Occasionally, when I’m travelling, I hear an announcement asking whether there is a nurse or doctor among the passengers, able to help someone in medical distress. Cue my partner, elbowing me in the side, suggesting facetiously that I boldly step up to offer some ‘Emergency Rolfing’.
We need to think (again) about pain. Steve Haines’ new book, Pain is Really Strange, digests the latest findings in pain research, with surprising implications for how we manage long-term pain conditions. Chronic pain, it turns out, is really strange: it’s an unreliable indicator of tissue damage, and can result from sensitisation at the site of a previous injury. In most cases, Haines contends, it is a ‘mistake, a fault in the [body’s] alarm systems’.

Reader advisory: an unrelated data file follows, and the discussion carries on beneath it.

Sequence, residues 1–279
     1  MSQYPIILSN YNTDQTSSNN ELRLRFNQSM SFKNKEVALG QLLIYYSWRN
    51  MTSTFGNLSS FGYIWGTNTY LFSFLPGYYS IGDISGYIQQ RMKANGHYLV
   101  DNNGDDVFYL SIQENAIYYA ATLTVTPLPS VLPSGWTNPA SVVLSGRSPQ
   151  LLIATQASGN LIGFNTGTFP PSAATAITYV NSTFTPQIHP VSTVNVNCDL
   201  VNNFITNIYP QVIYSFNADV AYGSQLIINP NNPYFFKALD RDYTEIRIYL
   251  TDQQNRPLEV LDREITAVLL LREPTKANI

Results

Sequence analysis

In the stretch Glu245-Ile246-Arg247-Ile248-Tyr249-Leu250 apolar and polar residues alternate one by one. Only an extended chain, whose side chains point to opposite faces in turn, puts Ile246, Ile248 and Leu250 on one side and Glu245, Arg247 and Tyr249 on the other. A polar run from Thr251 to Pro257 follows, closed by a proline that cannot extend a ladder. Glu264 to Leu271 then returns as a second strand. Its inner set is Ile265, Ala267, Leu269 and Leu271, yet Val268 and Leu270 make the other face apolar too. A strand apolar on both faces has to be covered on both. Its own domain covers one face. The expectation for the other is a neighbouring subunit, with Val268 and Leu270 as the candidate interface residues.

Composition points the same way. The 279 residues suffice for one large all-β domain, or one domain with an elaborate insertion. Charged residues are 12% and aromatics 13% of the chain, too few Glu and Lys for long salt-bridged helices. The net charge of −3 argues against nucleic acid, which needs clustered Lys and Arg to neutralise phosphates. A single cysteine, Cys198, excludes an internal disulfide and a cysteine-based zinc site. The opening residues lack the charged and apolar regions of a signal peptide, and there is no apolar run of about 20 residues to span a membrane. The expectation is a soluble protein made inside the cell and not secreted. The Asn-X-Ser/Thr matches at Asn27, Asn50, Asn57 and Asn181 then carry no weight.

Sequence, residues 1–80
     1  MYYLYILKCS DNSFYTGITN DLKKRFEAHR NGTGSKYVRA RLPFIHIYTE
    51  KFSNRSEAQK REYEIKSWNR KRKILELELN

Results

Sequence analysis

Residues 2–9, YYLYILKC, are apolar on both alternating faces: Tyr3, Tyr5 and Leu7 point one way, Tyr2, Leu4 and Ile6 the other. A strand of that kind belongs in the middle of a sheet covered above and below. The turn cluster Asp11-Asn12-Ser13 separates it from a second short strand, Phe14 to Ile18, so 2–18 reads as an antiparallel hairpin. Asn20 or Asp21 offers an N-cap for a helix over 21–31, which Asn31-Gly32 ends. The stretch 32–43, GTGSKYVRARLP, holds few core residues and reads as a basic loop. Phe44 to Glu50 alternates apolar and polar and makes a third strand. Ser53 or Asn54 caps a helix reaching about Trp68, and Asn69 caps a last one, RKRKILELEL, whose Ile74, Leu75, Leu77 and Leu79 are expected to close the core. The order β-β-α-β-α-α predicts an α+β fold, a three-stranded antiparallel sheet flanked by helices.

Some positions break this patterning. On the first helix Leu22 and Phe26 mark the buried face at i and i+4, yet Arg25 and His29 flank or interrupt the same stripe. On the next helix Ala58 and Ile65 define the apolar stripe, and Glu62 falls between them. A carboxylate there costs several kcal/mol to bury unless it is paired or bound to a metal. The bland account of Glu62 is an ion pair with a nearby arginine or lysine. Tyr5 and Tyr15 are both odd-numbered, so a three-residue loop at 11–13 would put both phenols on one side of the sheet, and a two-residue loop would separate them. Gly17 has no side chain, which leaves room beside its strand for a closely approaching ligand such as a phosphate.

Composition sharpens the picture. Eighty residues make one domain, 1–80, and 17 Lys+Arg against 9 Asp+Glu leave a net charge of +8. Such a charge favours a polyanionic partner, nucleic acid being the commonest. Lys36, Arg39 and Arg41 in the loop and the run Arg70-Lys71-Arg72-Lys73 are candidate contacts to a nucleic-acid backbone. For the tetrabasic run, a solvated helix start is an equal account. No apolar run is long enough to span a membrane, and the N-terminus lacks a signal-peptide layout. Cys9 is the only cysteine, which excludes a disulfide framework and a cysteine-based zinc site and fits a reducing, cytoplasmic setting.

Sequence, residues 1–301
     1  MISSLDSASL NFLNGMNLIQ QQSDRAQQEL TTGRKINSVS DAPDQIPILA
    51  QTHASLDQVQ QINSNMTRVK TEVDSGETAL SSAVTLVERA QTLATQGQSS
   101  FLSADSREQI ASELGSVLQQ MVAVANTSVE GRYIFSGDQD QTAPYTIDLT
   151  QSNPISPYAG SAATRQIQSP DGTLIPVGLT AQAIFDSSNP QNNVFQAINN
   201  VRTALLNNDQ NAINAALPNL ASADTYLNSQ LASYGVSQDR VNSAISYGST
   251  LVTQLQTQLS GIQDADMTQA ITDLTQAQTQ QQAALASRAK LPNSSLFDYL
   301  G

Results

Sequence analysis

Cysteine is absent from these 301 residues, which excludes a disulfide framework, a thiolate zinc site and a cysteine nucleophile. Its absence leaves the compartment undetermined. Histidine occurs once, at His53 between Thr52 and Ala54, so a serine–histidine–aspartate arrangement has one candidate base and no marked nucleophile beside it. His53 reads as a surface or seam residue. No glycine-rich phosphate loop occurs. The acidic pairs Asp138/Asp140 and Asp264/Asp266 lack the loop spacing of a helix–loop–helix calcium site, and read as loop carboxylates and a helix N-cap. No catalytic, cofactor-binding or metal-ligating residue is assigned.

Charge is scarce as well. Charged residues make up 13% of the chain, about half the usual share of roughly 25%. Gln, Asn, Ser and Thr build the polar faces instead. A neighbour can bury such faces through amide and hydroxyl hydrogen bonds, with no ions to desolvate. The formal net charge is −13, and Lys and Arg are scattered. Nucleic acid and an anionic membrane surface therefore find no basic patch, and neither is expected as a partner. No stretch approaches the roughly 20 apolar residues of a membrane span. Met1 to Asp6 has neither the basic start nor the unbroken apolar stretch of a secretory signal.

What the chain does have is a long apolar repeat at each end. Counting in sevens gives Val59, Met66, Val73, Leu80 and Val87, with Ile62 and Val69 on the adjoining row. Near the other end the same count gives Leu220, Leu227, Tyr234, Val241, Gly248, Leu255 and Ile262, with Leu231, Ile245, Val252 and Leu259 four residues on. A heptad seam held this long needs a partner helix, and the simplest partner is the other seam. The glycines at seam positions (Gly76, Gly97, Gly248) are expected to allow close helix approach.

Got a body? Going to the beach? Then let’s go, and to hell with Protein World and their notoriously offensive ‘are you beach body ready?’ advert.
Rolfing can help you look slimmer as well as create the best conditions for your body to lose weight naturally. But more importantly than either of these, Rolfing can help you feel better in the body you’re in.